“I plan on attending community college at OCC then transferring to one of the schools I’ve been accepted to this year …  A majority of the schools I was accepted to were out-of-state, private schools that cost a lot of money. Some of these schools were: New York University, University of Washington and Seton Hall University. Even with scholarships, each school offered me, I would have to take out tens of thousands of dollars in loans. I felt that student debt was going to become a huge burden in my life. I also had acceptances from schools like California State University, Fullerton and California State University, Long Beach to choose from … As a first-generation Asian American, I felt a lot of pressure to go straight to a four-year university. There is a stigma that revolves around community college. Therefore, I never planned to attend community college and it’s still hard for me to accept that I will be. In the long run, community college will give me more flexibility and help me financially … In the end, I don’t think community college will affect my career as a speech-language pathologist. No matter what path I take, I feel confident that I will end up where I need to be successfully,” senior Carissa (Mylinh) Lam said.

(Nancy Vu)

“I’m planning to go into a four-year university to pursue an accounting degree in the business field. I’m really interested in my major and I feel as though it’s something I want to continue into my future. Right now, I’m planning to go to Cal State Fullerton, but I might consider transferring to a private university such as [University of Southern California]. A factor that helped me choose a [four-year] university was my major because I knew that Cal State Fullerton is a good school for business along with other good programs. In addition, CSUF was also in my financial capabilities along with help from other financial aid that I applied for … I think my choice of college was affected by my parents and family members because my parents always wanted me to go to a [four-year] university over a community college. In my Asian family, they look down on those who go to community college which I believe is unreasonable because it saves a lot of money but I would feel as though I let them down if I went to a community college since they’ve always put so much pressure on me to go to a university. I think that my choice of college can affect my career in the long term, but at the same time, I don’t think it makes a big difference as many people think it does. My step-brother went to CSUF and is now an accountant at a very big company along with other people who went to better business schools. This just shows that although college could affect your career and where you are in the future, your attitude and work mainly determine how successful you’ll be. However, I think that going to a school that is known for business would be better than for a school not for business because it might set you up better for finding a job relating to your field after college. I would [also] like to add that I don’t see anyone differently whether they choose to go to a [four-year] university, community college or no college at all. It’s all up to what is best for them,” senior Nancy Vu said.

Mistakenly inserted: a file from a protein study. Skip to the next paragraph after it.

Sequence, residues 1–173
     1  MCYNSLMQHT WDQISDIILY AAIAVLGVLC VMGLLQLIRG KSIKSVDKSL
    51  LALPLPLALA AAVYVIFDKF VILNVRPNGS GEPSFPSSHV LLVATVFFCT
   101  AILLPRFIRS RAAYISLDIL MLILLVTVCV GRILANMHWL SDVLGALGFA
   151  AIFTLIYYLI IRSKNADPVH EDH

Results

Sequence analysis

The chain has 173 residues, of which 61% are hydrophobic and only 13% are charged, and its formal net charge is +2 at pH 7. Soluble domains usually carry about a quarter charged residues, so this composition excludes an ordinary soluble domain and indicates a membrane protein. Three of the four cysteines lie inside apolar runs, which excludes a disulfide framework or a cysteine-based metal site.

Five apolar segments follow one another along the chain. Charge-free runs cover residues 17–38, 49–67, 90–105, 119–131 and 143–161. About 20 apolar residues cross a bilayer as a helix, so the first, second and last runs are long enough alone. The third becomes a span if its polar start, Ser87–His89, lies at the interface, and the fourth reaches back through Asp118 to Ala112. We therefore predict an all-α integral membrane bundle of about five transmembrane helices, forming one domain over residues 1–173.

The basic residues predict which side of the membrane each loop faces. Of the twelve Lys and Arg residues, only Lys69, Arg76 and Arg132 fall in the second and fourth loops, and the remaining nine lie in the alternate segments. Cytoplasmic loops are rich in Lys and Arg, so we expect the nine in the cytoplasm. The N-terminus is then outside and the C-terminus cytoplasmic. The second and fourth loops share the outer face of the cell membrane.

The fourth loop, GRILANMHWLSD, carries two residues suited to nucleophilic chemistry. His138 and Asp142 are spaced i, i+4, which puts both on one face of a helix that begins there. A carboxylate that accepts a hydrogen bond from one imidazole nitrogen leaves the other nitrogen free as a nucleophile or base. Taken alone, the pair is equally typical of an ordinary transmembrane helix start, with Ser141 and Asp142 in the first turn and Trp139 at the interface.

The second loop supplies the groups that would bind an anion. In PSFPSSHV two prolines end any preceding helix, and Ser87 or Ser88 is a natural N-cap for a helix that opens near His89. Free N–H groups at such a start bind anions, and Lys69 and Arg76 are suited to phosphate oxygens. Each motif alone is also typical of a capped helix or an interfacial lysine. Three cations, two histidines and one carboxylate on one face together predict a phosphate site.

(Nicole Rimdusit)

“I’m planning to attend college at OCC for two years, and then transfer to a university. I personally plan to major in business marketing to find a job that will pay more than average because I want to help my mom out and make my dream items come true. Also, the business area makes me interested in how economics can change frequently. I think OCC will affect my career in the long term because it’s technically a glimpse, not the real deal of a future, that I want to pursue. In a university or Cal State, they will most likely treat the major as a realistic job,” senior Nicole Rimdusit said.

(Oskar Hua)